If Your Child Is a Student or Taking Classes ...
You could claim either the American Opportunity Credit or the Lifetime Learning Credit.
Education credits are claimed on the IRS form 8863. It's important to note that you cannot claim the Lifetime Learning Credit and the American Opportunity Credit for the same student, even if he/she qualifies for both. You can mix and match your credits if you are paying for more than one student, choosing one credit for one, another credit for the other, and then switch the next year. But no double crediting in the same year!
We suggest taking the American Opportunity credit if you are eligible for both, because you can claim more expenses and the credit can go up to $500 higher. Read more about how to get these credits.
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If You Had a Caretaker for Your Child ...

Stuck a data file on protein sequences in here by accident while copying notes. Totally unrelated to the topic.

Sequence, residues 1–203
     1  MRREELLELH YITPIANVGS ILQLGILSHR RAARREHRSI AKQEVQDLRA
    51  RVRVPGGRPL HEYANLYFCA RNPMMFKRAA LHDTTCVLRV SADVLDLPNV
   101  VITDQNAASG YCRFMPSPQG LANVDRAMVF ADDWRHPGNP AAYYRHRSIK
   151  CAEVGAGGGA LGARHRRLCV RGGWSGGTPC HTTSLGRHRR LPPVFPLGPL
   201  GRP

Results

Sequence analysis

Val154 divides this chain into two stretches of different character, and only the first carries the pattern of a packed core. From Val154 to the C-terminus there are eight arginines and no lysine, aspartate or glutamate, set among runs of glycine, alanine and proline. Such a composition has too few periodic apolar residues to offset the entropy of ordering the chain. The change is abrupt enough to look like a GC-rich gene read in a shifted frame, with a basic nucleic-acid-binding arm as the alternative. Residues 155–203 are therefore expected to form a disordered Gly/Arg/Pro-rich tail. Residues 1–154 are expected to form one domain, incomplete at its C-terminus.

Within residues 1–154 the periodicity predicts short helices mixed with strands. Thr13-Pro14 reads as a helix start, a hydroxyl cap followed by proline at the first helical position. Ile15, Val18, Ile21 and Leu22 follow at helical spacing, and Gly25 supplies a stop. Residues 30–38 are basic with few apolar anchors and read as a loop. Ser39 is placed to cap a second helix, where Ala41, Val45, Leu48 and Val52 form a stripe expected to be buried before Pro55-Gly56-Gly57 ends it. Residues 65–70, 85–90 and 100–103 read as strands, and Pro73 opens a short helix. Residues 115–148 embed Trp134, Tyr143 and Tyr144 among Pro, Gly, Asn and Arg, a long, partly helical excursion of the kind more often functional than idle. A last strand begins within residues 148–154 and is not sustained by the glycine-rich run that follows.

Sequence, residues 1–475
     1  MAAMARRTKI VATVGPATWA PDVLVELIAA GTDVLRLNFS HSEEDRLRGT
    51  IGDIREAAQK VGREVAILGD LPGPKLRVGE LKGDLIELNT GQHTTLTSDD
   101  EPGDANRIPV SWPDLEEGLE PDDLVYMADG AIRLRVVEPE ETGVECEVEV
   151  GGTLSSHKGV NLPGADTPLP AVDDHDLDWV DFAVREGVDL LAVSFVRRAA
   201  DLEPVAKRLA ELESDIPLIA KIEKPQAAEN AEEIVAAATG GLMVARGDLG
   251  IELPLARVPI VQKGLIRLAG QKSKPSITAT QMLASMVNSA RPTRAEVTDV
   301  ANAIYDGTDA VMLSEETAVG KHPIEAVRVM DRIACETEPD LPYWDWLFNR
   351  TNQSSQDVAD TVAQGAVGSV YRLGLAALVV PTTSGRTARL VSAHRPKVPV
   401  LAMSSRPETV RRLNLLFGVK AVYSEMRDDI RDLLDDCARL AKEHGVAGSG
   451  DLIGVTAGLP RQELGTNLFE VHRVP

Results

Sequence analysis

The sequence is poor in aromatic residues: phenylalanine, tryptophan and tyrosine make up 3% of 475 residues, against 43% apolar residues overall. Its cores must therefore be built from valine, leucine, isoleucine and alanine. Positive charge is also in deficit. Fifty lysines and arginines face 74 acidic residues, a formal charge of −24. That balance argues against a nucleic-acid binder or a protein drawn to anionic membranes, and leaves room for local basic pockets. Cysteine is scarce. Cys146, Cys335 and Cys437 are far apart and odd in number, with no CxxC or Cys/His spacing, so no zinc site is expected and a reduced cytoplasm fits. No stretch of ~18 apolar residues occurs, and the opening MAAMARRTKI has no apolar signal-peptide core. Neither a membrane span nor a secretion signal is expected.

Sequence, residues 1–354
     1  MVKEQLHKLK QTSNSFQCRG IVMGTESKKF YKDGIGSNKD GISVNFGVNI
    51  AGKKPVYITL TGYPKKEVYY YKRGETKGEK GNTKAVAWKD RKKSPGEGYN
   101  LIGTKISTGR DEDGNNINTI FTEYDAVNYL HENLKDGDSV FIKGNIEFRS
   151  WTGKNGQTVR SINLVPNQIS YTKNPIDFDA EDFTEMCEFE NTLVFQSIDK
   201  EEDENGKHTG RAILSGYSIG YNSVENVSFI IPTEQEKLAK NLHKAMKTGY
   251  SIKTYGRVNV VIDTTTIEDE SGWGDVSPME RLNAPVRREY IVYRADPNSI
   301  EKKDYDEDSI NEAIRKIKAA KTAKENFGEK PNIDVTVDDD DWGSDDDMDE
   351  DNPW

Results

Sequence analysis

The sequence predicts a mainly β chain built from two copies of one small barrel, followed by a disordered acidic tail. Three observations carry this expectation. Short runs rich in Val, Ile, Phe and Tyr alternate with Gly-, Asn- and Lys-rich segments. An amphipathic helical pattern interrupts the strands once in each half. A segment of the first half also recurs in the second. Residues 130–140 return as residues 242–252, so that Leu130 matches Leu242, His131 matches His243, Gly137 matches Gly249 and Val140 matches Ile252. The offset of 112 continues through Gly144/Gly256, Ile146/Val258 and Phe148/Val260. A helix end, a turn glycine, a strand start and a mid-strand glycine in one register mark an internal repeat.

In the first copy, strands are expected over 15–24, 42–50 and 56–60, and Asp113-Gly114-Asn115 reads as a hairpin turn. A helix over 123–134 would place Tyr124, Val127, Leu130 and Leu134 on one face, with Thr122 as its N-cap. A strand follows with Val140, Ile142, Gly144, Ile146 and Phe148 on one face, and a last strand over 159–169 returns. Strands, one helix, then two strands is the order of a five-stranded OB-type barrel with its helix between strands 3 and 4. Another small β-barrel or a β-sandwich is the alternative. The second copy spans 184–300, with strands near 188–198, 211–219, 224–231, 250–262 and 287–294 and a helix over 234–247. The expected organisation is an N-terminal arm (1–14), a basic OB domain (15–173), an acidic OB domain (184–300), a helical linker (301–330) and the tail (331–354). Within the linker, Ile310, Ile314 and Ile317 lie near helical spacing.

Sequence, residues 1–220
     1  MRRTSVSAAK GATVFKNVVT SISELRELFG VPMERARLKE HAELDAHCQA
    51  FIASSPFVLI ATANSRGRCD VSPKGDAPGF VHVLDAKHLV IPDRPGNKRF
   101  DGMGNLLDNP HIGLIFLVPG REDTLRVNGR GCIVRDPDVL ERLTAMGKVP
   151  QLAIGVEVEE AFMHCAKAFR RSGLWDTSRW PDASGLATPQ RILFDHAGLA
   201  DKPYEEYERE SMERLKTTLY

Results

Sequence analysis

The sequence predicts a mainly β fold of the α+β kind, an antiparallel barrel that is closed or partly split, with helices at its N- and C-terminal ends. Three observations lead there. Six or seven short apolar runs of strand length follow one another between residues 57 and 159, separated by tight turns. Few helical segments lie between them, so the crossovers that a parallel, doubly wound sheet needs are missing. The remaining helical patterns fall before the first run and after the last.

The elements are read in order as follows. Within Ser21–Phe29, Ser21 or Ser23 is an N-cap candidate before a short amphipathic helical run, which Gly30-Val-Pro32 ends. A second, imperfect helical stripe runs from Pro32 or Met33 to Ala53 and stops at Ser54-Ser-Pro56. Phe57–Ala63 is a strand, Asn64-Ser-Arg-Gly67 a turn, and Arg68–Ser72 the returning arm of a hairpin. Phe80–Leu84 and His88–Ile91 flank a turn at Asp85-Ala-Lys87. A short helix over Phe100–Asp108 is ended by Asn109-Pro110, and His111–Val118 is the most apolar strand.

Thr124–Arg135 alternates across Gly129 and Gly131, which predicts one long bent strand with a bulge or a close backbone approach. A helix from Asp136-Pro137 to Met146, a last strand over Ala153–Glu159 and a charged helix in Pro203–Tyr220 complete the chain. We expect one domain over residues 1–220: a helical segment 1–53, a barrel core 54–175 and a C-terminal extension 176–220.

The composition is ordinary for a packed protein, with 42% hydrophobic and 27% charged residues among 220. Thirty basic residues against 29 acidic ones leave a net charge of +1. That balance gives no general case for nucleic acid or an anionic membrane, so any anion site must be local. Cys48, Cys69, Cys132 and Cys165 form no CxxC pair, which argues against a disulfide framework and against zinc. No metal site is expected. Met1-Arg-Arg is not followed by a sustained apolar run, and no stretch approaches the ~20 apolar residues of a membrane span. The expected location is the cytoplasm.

You could claim the Child and Dependent Care Credit. You can claim this credit if you paid someone to care for your child under 13, your spouse or a dependent who was physically or mentally incapable of caring for themselves. You'll have to provide the taxpayer ID of the care provider. You can take the credit if:
- You're filing jointly with your spouse
- You (and your spouse, if you're married) were either looking for work, earning an income or a full-time student for five or more months of the year
- The dependent for which you paid for care lived with you for more than half of the year
You cannot take the credit if:
- The care provider was someone you or your spouse can claim as a dependent
- The payment for the care was made to your spouse or the parent of the child
Find out what other credits you could take here.